Carey is a noted high-profile criminal defense attorney in Boston. He started out as a public defender then switched sides and became the Middlesex County, Massachusetts prosecutor. In that position, he handled a rape case against Army Sgt. Dennis Maher who was charged with raping two women and sexually assaulting a third. Following the successful rape conviction, Carey again switched sides from county prosecutor to defense lawyer. He became an effective private criminal defense attorney and started handling high-profile cases.
In 2003 DNA proved that former Army Sgt. Maher was not the rapist he was convicted of being and was released from prison. As a result Carey became a changed man -- a man on a mission. At the twilight of his law career and bolstered by a solid reputation in criminal defense, Carey can afford to be choosy about the cases he accepts. Now he has Labrie's life and St. Paul's tarnished halo in his hands.
St. Paul's ducks for cover
More than a year ago -- early summer of 2014 -- and as soon as the allegation of rape started to surface, St. Paul's went on the defensive.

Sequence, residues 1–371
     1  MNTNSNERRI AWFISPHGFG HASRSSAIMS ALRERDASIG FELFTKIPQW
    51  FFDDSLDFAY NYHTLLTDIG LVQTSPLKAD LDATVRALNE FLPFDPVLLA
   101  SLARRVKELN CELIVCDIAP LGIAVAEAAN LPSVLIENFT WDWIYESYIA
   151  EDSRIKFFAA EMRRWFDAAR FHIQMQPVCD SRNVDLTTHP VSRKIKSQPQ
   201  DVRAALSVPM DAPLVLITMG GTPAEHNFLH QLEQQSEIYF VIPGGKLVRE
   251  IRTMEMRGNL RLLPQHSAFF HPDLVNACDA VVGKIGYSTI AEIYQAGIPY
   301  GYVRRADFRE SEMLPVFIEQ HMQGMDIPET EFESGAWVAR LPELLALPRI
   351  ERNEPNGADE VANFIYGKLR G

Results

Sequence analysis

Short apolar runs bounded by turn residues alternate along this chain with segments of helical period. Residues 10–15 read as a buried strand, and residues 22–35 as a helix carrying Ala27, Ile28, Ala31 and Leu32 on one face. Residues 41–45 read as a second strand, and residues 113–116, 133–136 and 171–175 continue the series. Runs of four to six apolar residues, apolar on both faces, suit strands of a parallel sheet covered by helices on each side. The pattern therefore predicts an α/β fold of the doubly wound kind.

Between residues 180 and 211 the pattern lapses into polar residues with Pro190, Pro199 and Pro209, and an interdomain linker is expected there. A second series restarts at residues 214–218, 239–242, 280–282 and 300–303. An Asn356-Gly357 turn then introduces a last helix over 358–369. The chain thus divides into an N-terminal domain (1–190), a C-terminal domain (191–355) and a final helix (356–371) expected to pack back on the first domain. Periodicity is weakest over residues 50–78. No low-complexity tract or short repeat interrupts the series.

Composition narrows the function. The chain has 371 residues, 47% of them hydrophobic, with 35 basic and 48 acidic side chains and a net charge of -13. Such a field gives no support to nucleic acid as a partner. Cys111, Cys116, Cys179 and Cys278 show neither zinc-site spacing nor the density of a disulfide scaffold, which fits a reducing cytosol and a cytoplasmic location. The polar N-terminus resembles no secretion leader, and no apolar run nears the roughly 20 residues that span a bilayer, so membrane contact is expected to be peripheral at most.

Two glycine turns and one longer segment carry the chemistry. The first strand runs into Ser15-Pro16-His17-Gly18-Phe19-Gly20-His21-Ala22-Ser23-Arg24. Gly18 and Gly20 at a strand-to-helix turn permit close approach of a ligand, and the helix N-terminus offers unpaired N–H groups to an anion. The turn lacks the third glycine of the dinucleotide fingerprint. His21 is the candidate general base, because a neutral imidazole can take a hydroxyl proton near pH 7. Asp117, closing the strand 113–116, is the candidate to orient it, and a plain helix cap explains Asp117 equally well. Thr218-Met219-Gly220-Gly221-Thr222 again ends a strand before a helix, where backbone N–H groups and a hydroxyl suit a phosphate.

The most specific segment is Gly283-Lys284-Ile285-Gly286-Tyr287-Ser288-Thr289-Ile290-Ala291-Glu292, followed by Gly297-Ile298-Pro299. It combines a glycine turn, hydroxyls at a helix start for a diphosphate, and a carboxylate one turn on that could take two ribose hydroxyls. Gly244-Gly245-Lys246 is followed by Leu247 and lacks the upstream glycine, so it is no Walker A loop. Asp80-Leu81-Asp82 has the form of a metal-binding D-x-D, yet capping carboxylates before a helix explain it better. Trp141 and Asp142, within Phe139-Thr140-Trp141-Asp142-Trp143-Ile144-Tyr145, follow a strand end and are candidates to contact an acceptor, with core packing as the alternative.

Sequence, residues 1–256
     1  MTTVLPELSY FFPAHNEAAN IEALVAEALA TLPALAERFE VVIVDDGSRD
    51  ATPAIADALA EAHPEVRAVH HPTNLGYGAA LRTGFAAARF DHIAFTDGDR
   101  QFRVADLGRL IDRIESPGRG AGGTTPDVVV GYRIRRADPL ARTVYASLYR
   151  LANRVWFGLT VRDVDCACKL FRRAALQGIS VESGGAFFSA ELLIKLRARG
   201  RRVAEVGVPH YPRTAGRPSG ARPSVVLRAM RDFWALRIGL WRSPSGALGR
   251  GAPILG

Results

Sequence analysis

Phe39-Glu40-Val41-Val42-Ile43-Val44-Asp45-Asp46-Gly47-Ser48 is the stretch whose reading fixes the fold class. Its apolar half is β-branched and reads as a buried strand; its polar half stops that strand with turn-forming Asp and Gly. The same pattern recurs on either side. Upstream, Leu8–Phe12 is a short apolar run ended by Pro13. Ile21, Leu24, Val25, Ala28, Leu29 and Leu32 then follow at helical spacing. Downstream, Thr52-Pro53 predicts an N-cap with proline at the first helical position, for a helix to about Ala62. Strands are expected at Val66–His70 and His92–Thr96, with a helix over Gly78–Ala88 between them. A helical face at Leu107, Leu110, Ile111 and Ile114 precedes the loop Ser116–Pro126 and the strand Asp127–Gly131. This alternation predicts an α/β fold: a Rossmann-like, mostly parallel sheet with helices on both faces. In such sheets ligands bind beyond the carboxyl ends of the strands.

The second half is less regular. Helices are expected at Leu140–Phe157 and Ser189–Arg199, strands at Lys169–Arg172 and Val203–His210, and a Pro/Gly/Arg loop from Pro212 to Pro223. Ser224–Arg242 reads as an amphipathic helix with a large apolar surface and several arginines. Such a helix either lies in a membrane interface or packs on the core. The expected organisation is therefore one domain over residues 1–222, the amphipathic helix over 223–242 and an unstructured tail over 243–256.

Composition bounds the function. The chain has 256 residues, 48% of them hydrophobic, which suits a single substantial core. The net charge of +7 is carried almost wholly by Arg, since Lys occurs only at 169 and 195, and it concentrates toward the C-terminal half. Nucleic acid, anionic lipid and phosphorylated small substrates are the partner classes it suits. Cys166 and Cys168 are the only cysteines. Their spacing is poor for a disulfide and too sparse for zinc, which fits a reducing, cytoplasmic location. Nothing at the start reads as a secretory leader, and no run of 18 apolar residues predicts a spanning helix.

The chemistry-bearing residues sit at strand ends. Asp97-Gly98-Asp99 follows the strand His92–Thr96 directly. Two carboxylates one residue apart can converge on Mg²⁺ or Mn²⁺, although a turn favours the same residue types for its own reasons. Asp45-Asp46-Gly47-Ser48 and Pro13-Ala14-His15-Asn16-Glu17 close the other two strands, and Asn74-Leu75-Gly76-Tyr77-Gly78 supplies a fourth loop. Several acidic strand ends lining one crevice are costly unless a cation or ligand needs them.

"I write today to tell you about a disturbing incident involving St. Paul's School students. One of our recent graduates, Owen Labrie '14, has been charged by the Concord Police Department with sexual assault. The accusation against this young man is based on an incident allegedly occurring at the School before graduation," Michael Hirschfield St. Paul's rector wrote on July 16, 2014. "When this matter was first brought to our attention by the young woman involved, we reported it to the authorities, as is our obligation, and we are cooperating fully with law enforcement."
The victim's family doesn't agree with the school's level of support.
"There has definitely been an issue from the very start when she (Miss X) first reported what happened. There wasn't a lot of support at the school and the community. The family has left that area and she is no longer at that school. They faced a lot of retaliation," Laura Dunn, a spokesperson who is close to the victim's family, told MSNBC. "They (the family) have found support. There is a lot of advocacy organizations in the New Hampshire coalition and a lot of other (rape) survivors have rallied around them."